56 St James, Walthamstow

February 13, 2014

The espresso.

The espresso.

Things appear to be stirring in Walthamstow. There’s no doubt that the area can appear, ostensibly at least, to be a bit grimy and down-at-heel, the area is also a vibrant community, centring around a strong market and high street. Walthamstow benefits from that rarest of qualities, a blend of long-standing residents who give a place character and feel, and a sense of excitement brought about by newcomers, including plenty of artists encouraged by the available studio space and now ten years old E17 Art Trail. Despite this, Walthamstow also has escaped the mass influx and corresponding ‘gentrification’ (dirty word) that often robs an area of its established character.

As I have remarked often, though, new artisan cafés often herald this change. Should we look at the opening of 56 St James as a harbinger of things to come?

The straightforward answer to that is god alone knows. If it does, though, it is fair to say that the newcomers will find an excellent coffee shop when they arrive.

56 St James is, despite being only a month old, already well on its way to being an excellent coffee shop. They serve Nude Espresso, and the double shot I kicked off with was all dark chocolate and warmth, sweet to the dregs. It was well made with a thick crema and not too oily, a smooth mouthfeel to the finish. I then had a piccolo, which I discussed with the barista; he was keen to make it how I wanted it rather than just serving up what he figured it was, an approach I really like. He then came over to check that it was good, which it was, the dark chocolate of the Nude roast mingling well with the milk to create an almost mocha-y taste with none of the over-the-top sweetness that drives me away from that sort of drink. If I had one criticism, it would be that the milk was a fraction hot, but this is a minor quibble and it didn’t detract from the quality of the drink; a minor adjustment would merely make it sweeter. Both drinks came in at £2, which is also very reasonable, with flat whites and such like at a standard £2.50.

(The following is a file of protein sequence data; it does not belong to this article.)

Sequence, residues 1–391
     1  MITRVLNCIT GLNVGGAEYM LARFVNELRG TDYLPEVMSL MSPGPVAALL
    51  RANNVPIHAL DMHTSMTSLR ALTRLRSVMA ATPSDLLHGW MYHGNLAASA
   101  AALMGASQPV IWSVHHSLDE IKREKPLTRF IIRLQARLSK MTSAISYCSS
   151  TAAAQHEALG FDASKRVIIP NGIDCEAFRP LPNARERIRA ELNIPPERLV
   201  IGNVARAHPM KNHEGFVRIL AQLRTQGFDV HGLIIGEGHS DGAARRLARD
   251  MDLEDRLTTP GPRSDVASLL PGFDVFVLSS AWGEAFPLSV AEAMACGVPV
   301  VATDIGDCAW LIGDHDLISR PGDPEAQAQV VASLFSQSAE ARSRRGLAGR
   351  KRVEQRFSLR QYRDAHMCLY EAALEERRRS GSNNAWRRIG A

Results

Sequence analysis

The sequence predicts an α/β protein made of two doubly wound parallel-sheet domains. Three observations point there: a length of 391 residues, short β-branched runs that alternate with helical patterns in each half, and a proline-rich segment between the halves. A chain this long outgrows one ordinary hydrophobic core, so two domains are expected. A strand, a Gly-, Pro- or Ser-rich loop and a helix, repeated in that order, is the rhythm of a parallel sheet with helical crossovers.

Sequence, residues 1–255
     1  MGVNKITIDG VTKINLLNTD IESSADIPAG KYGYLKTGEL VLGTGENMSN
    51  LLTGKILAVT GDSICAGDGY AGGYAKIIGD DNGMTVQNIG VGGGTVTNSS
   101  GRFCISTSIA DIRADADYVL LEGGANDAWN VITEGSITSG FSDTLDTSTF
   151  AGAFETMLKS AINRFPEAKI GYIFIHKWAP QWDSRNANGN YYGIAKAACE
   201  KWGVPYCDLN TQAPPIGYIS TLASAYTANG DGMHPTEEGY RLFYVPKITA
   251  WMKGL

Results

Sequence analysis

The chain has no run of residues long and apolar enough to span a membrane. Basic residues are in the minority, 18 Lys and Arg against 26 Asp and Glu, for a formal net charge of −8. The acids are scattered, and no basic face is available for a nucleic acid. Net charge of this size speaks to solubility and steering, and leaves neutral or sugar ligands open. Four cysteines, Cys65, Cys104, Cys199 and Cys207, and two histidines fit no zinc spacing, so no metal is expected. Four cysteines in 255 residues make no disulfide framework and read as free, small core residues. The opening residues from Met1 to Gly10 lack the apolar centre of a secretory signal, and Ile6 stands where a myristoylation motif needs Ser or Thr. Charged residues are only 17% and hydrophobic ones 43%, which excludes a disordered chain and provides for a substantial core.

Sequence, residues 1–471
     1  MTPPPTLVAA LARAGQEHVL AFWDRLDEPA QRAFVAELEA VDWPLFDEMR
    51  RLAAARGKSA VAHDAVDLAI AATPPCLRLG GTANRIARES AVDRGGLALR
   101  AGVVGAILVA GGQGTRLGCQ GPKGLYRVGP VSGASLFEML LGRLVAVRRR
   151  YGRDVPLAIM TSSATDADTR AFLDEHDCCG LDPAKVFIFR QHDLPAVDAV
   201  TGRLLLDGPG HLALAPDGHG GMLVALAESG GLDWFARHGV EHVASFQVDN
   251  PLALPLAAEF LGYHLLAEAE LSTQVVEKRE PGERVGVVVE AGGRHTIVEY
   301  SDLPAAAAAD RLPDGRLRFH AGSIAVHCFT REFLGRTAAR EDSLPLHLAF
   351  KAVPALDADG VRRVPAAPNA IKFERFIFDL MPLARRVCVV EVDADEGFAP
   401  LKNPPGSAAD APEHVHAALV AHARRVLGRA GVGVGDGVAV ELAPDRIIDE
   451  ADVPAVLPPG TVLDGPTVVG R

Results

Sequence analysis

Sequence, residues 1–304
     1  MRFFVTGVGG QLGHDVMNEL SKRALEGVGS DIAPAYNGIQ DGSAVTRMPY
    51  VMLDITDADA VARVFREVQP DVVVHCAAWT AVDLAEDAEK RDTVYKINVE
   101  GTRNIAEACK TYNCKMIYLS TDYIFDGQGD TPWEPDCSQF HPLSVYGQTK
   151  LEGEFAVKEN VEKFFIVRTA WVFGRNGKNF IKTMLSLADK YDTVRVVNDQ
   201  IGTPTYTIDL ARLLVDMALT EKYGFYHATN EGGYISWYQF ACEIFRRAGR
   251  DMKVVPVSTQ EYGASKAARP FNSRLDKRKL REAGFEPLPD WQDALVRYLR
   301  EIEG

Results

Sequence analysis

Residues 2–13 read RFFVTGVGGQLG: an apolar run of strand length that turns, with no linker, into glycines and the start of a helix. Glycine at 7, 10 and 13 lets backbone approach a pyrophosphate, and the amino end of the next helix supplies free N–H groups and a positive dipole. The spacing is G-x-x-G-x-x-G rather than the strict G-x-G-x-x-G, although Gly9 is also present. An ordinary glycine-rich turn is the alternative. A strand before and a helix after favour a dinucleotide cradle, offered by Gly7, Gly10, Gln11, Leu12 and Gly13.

The National Geographic, excellently present.

The National Geographic, excellently present.

Creating great coffee is tough; creating a great atmosphere is arguably even more of a challenge. 56 St James is pleasingly low-key, from its retro office interior to its long, shared table which dominates one side of the café. The music is relaxed and low enough not to impede conversation. A young woman knitted quietly to one side and there were already clearly a few regulars who engaged the barista in chatty conversation, another good sign for a new place. 56 also already has an active social media presence, which further demonstrates both their outgoing nature and the strong potential of the area: the café is clearly already a bit of beacon to the Twitterati of Walthamstow and indicates a potential for strong growth in a location which has clearly been missing a genuine artisan coffee shop. None of this, of course, would work if the venue fell short on quality, but it does not.

Who doesn't love an owl?

Who doesn’t love an owl?

56 is also clearly popular with young parents, but a smaller downstairs area allowed them to mingle without it detracting from the experience of quieter coffee drinkers looking to read or, as mentioned above, knit. There is a blackboard wall for drawing on, a small but pleasant touch, and although the venue isn’t enormous, it didn’t feel cramped despite being busy in a way that many cafés can when swamped by prams and children.

All in all, Walthamstow may or may not be ripe for a property surge and there’s no doubt that with train or tube lines into Victoria, Liverpool Street, and out towards Gospel Oak, the area is very well connected without feeling like it’s right on top of the city. I can never quite be sure if there is a corollary between cafés and gentrification: my instinct says yes but whether they are a sign or a symptom (if that’s not too emotive a term), I don’t know. I suspect that a quality coffee shop will flourish whether it happens or not. For this reason, I reckon the future of 56 St James looks very bright.

56 St James, St James Street, E17

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